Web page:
by Jeff Bromley
on



Now that the bevies of rookies have
moved on to make room for returning
veterans and up and comers looking to
make their mark on the 2000 edition of
the Kootenay ICE, one thing has
become abundantly clear – there isn’t
much room at the Kootenay ICE inn.
About 50 players will hit the pond at
Cranbrook’s Memorial Arena over the
weekend, including five holdovers from
Rookie camp who earned a longer look
from ICE brass at the Main camp held
Sept 1-4. Joining the Main camp is local
products Alex Staudt (Cranbrook),
Brayden Snopek (Cranbrook), Ryan
Mcleod (Fernie) along with Travis
Featherstone (Calgary) and Zac Fisher
(Trail). Although all five of these
prospects are considered longshots to
make the club, the experience will no
doubt help their development for future
ICE training camps.

Rookies- The one enduring quality of a
club that could be returning possibly 18
- 20 WHL veterans is that with a 24-
man limit to the teams’ roster, it pares
down dramatically the decision making
process that must be made in assessing
the 2-3 rookies (16 yr old’s) that the
club will in all likelihood carry with them
this season. North Delta B.C. product
Andy Thompson (6’3″ – 205lbs) and
Courtenay, B.C. native Adam Taylor
(6’0″ – 180lbs) are two names that you
should probably familiarize yourself with
as the two highly touted 1st and 2nd (7th
and 25th overall) 1999 Bantam Draft Read more»

Back to the Future 1: The Leafs’ Rookie Camp Preview

by Stephen J. Holodinsky
on

After years of believing it to be a contradiction in terms to mention the Toronto Maple Leafs and prospects in the same sentence things are beginning to change. Gone is the Harold “Draft ‘em, pay ‘em, play ‘em” Ballard era in which so many promising youngsters washed out after being thrown to the wolves. Gone as well is the Cliff “Draft, schmaft” Fletcher in which any chances of having youth to begin with was squandered on veteran role players. Now a new age is dawning. The Buds are finally getting their act together and spending serious time and resources on scouting and player development. Read more»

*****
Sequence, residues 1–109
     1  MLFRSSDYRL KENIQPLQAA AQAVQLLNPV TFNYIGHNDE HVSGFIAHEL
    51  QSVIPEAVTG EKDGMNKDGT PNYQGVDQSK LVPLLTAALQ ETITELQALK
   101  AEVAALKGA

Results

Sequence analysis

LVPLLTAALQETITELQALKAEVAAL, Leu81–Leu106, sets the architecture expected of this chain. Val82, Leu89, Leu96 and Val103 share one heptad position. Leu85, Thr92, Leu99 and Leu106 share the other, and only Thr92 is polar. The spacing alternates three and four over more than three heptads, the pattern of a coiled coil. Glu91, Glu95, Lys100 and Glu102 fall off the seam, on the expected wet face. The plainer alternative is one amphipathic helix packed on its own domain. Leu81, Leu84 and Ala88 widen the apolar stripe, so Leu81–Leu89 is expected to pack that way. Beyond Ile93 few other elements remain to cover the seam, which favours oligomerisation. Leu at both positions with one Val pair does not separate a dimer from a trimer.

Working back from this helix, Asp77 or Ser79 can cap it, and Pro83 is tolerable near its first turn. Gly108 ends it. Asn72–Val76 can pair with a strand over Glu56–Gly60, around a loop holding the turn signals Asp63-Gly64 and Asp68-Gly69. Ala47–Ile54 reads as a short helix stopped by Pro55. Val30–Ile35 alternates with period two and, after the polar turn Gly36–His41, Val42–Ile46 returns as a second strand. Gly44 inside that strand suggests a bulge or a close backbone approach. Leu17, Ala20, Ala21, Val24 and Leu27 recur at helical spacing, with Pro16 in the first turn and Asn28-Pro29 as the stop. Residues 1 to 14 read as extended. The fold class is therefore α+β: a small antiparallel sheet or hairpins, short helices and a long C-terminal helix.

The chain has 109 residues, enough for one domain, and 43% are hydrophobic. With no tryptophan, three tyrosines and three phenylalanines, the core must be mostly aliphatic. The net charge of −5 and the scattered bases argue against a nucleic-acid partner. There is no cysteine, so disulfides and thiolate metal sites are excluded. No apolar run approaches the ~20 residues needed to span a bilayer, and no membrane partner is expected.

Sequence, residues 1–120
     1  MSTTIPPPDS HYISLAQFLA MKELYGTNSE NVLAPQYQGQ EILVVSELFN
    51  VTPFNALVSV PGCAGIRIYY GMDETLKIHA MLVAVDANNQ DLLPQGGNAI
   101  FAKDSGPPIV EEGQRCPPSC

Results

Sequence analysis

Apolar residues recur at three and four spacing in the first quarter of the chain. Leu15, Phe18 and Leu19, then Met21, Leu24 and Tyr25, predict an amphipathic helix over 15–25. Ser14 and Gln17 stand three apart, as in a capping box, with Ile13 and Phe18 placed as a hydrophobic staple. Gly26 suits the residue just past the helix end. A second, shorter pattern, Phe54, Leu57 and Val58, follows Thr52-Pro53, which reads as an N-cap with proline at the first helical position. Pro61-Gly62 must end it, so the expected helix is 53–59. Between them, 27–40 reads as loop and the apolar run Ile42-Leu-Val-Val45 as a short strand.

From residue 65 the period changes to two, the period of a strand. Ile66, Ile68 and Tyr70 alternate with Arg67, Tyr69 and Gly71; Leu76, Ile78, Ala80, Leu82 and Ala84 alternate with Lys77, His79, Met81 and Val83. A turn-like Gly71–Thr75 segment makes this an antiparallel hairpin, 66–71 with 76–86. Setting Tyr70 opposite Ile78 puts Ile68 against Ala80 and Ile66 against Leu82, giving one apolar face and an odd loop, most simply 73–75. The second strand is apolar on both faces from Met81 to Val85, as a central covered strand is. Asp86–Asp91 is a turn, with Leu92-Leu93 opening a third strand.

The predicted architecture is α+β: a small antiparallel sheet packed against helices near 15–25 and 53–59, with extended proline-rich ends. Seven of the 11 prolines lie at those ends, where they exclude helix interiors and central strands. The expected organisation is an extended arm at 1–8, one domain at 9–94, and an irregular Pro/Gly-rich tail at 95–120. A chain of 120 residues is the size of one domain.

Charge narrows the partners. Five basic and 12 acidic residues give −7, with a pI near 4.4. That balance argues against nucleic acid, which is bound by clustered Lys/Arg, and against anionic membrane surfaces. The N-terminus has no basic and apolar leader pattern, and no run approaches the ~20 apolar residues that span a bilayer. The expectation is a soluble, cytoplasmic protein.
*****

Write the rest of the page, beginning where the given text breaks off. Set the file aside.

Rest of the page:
Leafs’ Rookie Week Kick-off

by Randy Nicholson
on
The annual Maple Leafs Rookie Camp and Tournament will start soon in Kitchener. This is an incredibly significant event, as it is the ultimate realization of Ken Dryden’s stated promise to build a team that will contend for the Stanley Cup every season.

The best thing about Cliff Fletcher’s time as the Maple Leafs’ boss was that the club became so startlingly successful in such a relatively short period of time. But in many respects, this was also the worst thing about Fletcher’s reign in Toronto. Sudden play-off success encouraged the club to take a “win now” approach and make several trades involving the young players/picks who should have been there to take over when Gilmour, Clark, Ellett, Andreychuk and the other core veterans collectively ran out of steam. As a result, the club that Dryden inherited following the 1996-1997 season had one of the thinnest collection of prospects in the entire league.

Read more»

Scary Possibilities for the Sharks

by Mike Delfino
on

As the 2000/01 approaches, the Sharks have question marks ranging from who will make it, who will be signed, and who will be thrust into action sooner than expected.
With the number of potential holdouts, it would not be inconceivable to see faces like Jim Montgomery, Shawn Heins, Robert Jindrich and Jarrett Deuling to see action, where otherwise, they would almost assuredly be in Kentucky of the AHL. They are combined with the possible debuts of Mark Smith and Matt Bradley, which adds up to some very interesting, and frightening possibilities for the Sharks.
The first hurdle the Sharks are faced with is signing many of their young players. There are still eight players who are restricted free agents, including the team’s identity, Owen Nolan, their goaltender, Steve Shields, and their possible future in Patrick Marleau. Also on the list are Yevgeni Nabokov, Marcus Ragnarsson, Marco Sturm, Todd Harvey and Alex Korolyuk. Read more»